Takeaways from Fixing a Hacked Site

Seth Alling

At last month’s Metro Detroit WordPress meetup, Seth Alling presented on hacked sites, discussing the causes and what you can do to prevent your site from being hacked.

Members shared some of their own stories of hacks as well as useful resources. It was a great discussion at the end of the talk; thanks to Seth for his presentation!

And thanks to new member Christine Zheng, we have a recap of Seth’s presentation. Here are Christine’s notes:

Fixing a Hacked Site

Hack Types

There are three common hacks:

  • WordPress plugin hack
  • Malware hack
  • Themes hack

There are many causes of hacked sites, including:

  • Poor hosting
  • Bad or poorly coded plugin
  • Out of date software, which can be targeted by malware
  • Improper file permissions

To find the cause:

Step 1: Use Shell commands

List file with improper file permissions
find .–perm 777

List php files modified within last day
find .-name”.php” –mtime 1 -print

List general-template.php files with base64
Find.-name “general-template.php” – exec grep –H”base64”{}\;

List general-template.php files with base64 in text file
find.-name “general-template.php” –exec grep-H”base64{}\;”>hacked.txt

Step 2: Establish Your Game Plan

Don’t just dive in, figure out the best solution. For example, if your host doesn’t provide shell access, contact your web host customer support.

Step 3: Remove Hack and Change Passwords

Find out what is really causing the problem.

Manually fix:

  • Take full back up if possible, of all files and the database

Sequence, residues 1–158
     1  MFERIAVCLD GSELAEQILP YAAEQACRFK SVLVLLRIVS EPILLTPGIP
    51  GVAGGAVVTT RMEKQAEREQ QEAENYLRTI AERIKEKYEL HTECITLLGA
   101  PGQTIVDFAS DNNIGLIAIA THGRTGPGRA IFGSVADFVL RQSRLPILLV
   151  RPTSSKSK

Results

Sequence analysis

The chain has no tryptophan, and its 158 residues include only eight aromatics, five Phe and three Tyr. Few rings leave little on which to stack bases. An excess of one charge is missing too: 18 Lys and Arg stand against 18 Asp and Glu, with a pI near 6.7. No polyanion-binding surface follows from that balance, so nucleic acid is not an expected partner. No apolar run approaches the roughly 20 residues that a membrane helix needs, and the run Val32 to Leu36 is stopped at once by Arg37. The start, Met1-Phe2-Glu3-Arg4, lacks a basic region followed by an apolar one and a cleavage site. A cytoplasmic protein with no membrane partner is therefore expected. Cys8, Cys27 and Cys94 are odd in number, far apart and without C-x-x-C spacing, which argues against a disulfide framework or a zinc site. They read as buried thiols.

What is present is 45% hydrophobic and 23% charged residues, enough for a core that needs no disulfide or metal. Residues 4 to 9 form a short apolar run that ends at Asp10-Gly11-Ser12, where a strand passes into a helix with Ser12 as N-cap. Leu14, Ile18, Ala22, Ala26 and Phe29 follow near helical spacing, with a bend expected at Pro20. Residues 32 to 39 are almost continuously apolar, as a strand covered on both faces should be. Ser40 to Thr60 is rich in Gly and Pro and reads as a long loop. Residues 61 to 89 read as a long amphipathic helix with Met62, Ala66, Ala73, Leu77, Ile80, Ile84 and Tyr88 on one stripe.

• Delete unwanted corrupted files and replace hacked files
  • Search through pages and/or database for additional corruptions and remove
  • Change password of admin users(and possibly users with other role as well)
  • Test, test, test
  • Take full backup when complete

Use the Force Plugin Updates plugin when you reactivate plugins.

Fix in bulk:

  • Manually remove hack on 1 site
  • Write script to do what you need
  • Run script on one single site
  • Test, test, test
  • Run script across multiple sites
  • Example scripts from Seth you can use on a host with cPanel (you’ll need root access to your server)

Step 3: Increase Security

  • Make sure everything is upgraded
  • Make sure backups are working; run a test first to insure
  • Have a security plugin
  • Use a password manager, LastPass, Dashlane
  • Send passwords/logins with Onetime Secret, or keep info in a notebook or offline
  • Do not sent the passwords via email – but message
  • Use Two-factor authentication (2FA), Clef, Duo, Google Authenticator
  • Remove unused sites
  • Check file permissions-don’t set it to 777 permission
  • Use strong passwords
  • Consider changing WordPress structure, because most hackers are trying to hack in bulk
  • Depending on your time, or if all else fails, hire security company (such as, Sucuri Security)

Summary

Be prepared for hack. Consider using the iThemes Security plugin. Another option is to set up Cloudflare security.

You may want to consider not turning on all the features, IP login. Whitelist log in IP.
When you’re adding a new plugin to a site, validate the plugin. Read reviews and check star rankings.

Check out the slides from Seth’s presentation.

Thanks to Larisa for taking and sharing photos from the meetup.

Additional Resources

February 2016 Developer Code Share / Show and Tell

Attendees seated waiting for meetup to begin